If you were to meet Tristan Shone, you probably wouldn't think the unassuming San Diegan is the architect behind one of the city's most intense musical projects.
Yet when he steps behind one of his large, noisy drone machines, he transforms from Tristan Shone, mechanical engineer, to industrial doom act Author & Punisher. He's as much mad scientist as musician, performing not with conventional instruments but with complex and severe-looking robotic machines—complete with vocals-distorting masks—that he designed and built himself. And the sounds they make range from atmospheric to simply brutal.
On his first two albums—2010's Drone Machines and 2011's Ursus Americanus —Shone put his creations to use in the service of some thunderous, electronically based doom songs in the vein of legendary industrial metal band Godflesh or New York drone pioneers Khanate. Author & Punisher—who'll play at Soda Bar on Tuesday, Nov. 12—is heavy, harsh stuff. But, for as dark and ominous as Shone goes, he explains over a beer at Bottlecraft in Little Italy, the appearance of the machines helps give the music a sense of fun.
"I like a lot of really deep, heavy droning music," Shone says. "But at the same time, I like humor. I'm a little bit more lighthearted and social. I'm not a dark person who stays in my basement. The machines themselves, the headgear and the masks that I've had, are kind of fun. It's not like I'm putting a goat skull on my head, with blood coming out of it. I wouldn't do that."
On the recent album Women and Children , which won a San Diego Music Award for Best Hard Rock Album, Shone took a different approach, incorporating more live instruments, like piano and drums, and fleshing out more accessible, melodic songs. The album, released in June on Seventh Rule, maintains the feel of his previous releases, but with more hooks and even a few songs, like "In Remorse," that have more conventionally pretty melodies, even if the distortion and noise are still there.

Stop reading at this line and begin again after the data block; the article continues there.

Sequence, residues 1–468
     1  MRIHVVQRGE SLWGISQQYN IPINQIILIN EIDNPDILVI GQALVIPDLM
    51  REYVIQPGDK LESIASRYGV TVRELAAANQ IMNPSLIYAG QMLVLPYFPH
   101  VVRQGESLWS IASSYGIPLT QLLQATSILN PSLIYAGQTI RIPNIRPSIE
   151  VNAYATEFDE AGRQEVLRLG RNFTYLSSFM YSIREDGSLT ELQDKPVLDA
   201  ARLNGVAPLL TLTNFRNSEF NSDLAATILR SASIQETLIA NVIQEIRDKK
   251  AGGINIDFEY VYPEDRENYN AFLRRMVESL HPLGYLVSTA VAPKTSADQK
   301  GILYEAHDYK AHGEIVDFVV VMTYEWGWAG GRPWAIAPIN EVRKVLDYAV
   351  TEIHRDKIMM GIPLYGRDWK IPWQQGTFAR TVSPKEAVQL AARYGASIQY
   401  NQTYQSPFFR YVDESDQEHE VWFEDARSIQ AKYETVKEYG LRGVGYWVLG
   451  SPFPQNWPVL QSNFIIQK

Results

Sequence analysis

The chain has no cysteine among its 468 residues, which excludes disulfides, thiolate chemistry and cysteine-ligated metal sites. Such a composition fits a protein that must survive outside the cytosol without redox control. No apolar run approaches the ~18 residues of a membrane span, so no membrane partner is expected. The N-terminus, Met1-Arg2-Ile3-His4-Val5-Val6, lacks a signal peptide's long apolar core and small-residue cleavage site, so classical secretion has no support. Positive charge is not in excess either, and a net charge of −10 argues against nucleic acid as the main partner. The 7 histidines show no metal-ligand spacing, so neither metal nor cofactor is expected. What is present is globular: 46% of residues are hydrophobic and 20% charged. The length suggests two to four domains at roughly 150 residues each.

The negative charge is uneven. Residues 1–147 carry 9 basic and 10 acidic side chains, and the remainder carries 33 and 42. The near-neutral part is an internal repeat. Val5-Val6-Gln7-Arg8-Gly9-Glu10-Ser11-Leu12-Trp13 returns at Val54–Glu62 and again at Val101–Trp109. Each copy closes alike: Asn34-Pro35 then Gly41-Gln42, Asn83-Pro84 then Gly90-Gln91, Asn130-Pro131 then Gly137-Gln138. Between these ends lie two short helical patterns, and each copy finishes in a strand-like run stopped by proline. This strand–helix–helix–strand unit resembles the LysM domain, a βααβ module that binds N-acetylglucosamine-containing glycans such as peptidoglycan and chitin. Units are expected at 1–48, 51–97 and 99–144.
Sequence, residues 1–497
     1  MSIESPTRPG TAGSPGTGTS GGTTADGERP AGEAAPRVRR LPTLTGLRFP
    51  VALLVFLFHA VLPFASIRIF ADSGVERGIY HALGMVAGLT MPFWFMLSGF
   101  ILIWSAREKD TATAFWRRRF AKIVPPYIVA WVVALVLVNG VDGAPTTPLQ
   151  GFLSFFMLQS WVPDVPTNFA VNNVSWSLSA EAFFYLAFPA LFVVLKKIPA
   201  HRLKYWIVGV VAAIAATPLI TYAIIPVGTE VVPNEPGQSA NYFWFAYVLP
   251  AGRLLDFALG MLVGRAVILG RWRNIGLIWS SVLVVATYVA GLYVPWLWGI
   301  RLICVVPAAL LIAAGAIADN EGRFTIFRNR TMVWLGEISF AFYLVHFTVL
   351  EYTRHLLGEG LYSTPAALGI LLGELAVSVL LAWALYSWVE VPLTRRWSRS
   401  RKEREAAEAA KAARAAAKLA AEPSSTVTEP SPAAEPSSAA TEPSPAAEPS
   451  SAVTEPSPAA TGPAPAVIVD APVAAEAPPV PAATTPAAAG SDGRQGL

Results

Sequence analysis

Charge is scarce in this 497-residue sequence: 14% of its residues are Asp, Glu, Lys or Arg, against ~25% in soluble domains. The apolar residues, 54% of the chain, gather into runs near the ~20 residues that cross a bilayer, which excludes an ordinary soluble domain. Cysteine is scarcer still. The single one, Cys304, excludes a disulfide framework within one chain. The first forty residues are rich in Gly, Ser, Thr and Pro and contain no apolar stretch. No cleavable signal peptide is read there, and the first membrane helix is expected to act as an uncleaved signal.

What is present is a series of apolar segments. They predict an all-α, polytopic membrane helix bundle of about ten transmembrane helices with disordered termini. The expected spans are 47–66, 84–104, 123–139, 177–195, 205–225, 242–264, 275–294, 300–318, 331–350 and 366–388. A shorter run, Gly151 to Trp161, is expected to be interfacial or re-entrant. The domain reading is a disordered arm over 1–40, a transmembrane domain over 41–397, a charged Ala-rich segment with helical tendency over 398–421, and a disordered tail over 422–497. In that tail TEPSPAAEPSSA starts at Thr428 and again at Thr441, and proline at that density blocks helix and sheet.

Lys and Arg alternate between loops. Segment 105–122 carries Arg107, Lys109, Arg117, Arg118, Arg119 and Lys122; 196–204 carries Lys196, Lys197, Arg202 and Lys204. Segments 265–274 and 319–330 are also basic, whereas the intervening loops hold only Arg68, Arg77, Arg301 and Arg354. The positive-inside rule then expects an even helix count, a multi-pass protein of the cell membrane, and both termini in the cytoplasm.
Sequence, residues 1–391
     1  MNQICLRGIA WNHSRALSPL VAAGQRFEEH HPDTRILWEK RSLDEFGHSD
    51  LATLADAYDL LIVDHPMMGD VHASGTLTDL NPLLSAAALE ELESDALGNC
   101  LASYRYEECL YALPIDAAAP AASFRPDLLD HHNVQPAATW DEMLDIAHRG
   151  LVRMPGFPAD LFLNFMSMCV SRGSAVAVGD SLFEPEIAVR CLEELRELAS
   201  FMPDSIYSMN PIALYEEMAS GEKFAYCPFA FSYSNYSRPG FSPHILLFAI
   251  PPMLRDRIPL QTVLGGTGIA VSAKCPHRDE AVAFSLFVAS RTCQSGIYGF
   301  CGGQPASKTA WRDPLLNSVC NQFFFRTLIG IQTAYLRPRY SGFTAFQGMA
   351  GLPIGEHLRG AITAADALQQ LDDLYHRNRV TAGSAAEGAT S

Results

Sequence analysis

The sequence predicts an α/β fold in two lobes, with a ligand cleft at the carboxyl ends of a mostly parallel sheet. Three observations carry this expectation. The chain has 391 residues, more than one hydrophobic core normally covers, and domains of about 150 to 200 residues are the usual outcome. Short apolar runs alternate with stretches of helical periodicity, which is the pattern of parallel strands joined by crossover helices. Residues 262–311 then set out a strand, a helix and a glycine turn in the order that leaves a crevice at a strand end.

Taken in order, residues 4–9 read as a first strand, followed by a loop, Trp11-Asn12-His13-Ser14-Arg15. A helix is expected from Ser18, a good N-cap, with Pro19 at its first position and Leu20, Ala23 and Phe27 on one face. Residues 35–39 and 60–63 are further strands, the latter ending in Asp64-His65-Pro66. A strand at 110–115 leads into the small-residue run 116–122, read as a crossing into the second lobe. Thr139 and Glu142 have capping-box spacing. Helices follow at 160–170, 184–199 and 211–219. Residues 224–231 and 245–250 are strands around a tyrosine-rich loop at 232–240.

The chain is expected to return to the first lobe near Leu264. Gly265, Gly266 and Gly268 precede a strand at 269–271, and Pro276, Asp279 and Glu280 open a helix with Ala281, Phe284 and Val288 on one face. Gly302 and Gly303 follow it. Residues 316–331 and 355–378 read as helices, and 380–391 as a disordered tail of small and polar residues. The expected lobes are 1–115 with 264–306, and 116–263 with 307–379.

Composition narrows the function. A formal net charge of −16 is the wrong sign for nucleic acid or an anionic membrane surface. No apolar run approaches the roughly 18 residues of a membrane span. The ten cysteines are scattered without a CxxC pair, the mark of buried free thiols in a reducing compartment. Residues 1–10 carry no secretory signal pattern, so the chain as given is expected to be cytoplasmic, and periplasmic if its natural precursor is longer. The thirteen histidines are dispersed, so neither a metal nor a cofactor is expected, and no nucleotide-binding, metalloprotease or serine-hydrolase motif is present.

For that album, Shone says, he stepped out of his previous routine.
"The last two albums, Drone Machines and Ursus , were very much project albums," he says. "I built these machines and had a concept for what they would do, the kind of tones and way they should feel. But I also play piano and play a lot of other instruments, and I kind of felt confined by that structure. So I broke it.
"['In Remorse'] was one of those songs where I had it in my head and never played it on my machines," he continues. "I just put the basic stuff down really quickly and brought it back to my laptop and did the rest of it on my couch. And that was weird, because it was kind of against the purist idea I had initially. But it was kind of an accident. And it's my favorite song on the album."
This doesn't mean Shone's phasing out his machines. He's begun work on new, similar instruments for use on future material. These machines will be based on textures and surfaces, rather than weight or inertia, Shone says, and the resulting sounds will be more abrasive than before.
"There's going to be a grinding, out-of-time-signature kind of thing," he says. "On the last album, I heard people say, 'It's getting more listenable.' And I don't really think it's going that way. I just played with those instruments for so long, I just got really comfortable with them, and I kind of was able to play nicer stuff. And I was, like, OK, time to change it up. Now it's going to be a little bit harsher."
Though Author & Punisher has a fascinating visual appeal, Shone isn't interested in upping the theatrical element of his performances—just the kinds of sounds and music he can tap into. However, that doesn't stop anyone from offering opinions on how he should enhance his machines.
"You wouldn't believe the amount of suggestions you get from people, like giant levers and Robocop arms," he says. "I think people wonder why I don't take it to a more ridiculous level. I'm glad I went to art school, because there's something about knowing how to design something so it's not more than what it should be."
In fact, though Shone has shared the stage with artists as far-reaching as Erasure's Vince Clarke and former Pantera frontman Phil Anselmo, he says that art crowds tend to respond best to his music. Perhaps that's because of the avant-garde nature of his punishing soundscapes or the unconventional approach he takes to making them. But, then again, it might just be his reluctance to adopt the stereotypical characteristics of any genre or scene.
"If I show up to a gig and the opening band all has sleeve tattoos and cutoff jean jackets with all the patches on 'em, I know what I'm going to be listening to," Shone says. "And the fact that I make those judgments bums me out. You want it to be that band where you were sitting next to them at the bar and you didn't even realize it.
"'Whoa—that guy made that?!'"